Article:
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What would be the best way to change operator precedence for a concrete expression?

For example I have a class:

class A(){ 
   def multiply(a) { 
       ... 
   } 

   def plus(a) { 
       ... 
   } 

   def minus(b) {
       ...
   }

} 

a = new A() 
b = new A() 
c = new A() 

d = a + (b - c) * d

As multiplication has higher precedence than + and - I get an AST of form

  +
 / \
a   *
   / \
  -   d
 / \
b   c

What would be the easiest way to convert it to a tree where * has lower precedence than + and -. I assume that parentheses are allowed only to group - and +, i.e. an expression (a * b - c) * d is not valid and should be not expected as an input.

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I'd be careful: operator overloading can introduce confusion and changing the operator precedence could introduce even more! –  Joachim Sauer Jun 7 '11 at 8:47
    
it's dsl so should be ok –  Nutel Jun 8 '11 at 2:25
    
You mention 'right shift' without identifying the symbol that denotes it. Is * the symbol for 'right shift'? –  Jonathan Leffler May 13 '12 at 21:10
    
The best way would be to simply declare other operator precedences in your grammar, and also to put the rules on parentheses in there. Which, obviously, means using your own parser, but changing the fundamental syntax rules inside some language is just confusing. Not that I could deduce from your question what parser or language you are actually using. –  Christopher Creutzig May 18 '12 at 9:18
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2 Answers

up vote 4 down vote accepted

You could simply add parentheses to your code. This will likely make your code a lot more easily understood than using an AST transformation.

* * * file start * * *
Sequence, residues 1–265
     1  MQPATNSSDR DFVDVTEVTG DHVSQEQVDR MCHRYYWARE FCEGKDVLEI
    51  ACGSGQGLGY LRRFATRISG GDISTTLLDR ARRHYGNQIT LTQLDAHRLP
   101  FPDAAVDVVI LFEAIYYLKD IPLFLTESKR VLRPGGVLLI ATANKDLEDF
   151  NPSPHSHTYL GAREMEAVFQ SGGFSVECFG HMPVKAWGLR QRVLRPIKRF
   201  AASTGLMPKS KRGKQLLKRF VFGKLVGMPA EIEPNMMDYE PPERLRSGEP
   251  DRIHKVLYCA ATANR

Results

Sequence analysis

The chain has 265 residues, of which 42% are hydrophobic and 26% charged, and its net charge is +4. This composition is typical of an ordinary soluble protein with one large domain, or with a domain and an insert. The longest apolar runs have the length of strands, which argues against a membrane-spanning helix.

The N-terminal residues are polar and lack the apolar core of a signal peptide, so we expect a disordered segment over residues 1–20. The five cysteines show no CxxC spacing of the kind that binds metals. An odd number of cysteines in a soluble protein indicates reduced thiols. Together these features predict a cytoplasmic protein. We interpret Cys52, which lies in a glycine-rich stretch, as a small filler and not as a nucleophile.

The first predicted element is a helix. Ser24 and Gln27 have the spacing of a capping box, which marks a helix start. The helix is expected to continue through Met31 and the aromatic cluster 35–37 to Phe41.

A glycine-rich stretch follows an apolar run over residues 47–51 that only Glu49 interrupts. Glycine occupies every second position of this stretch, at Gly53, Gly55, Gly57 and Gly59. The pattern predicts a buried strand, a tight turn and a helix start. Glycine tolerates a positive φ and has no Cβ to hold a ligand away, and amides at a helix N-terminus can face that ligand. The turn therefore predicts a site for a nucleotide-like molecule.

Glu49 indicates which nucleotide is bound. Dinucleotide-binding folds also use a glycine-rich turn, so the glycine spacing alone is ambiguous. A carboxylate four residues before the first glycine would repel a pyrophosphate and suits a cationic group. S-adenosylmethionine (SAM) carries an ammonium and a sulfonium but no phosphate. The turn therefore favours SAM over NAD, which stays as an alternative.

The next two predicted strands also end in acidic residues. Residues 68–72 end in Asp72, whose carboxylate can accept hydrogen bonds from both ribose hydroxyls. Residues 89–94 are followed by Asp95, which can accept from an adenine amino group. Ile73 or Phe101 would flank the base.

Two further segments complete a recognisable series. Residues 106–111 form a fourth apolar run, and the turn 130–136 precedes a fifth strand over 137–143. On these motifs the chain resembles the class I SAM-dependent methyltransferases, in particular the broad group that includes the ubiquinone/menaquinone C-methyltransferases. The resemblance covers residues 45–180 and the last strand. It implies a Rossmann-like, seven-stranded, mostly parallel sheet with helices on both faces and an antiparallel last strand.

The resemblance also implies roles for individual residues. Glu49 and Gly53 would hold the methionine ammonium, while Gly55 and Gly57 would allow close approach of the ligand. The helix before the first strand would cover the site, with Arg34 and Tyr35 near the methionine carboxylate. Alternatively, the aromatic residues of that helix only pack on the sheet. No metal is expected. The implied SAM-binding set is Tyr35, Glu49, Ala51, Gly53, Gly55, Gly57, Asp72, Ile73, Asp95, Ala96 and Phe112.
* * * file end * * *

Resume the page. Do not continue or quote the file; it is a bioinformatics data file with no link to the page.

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You could change it using an AST transformation, but it would be a tricky thing to get right...

If you load your script into the GroovyConsole, and then open the AST browser, you will see this tree for the assignment:

Binary - ( d = ( a & ( b >> c ) ) )
  Variable - d
  Binary - ( a & ( b >> c ) )
    Variable - a
    Binary - ( b >> c )
      Variable - b
      Variable - c

So as you can see, the nodes are executed based on default operator precedence, and a tree of org.codehaus.groovy.ast.expr.BinaryExpression and org.codehaus.groovy.ast.expr.VariableExpression AST nodes is created.

You would need to write an AST transform that scanned the tree for BinaryExpression nodes and then re-order these trees so that they are sorted by your own precedence for the operation field.

Or, you could just use parentheses in your code as Don suggests :-)

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it's actually a dsl, so introducing will add some noise. Also if user will use parentheses i will not be able to get this information in AST, right? –  Nutel Jun 8 '11 at 2:31
1  
An AST does not usually store parentheses, right. –  Christopher Creutzig May 18 '12 at 9:16
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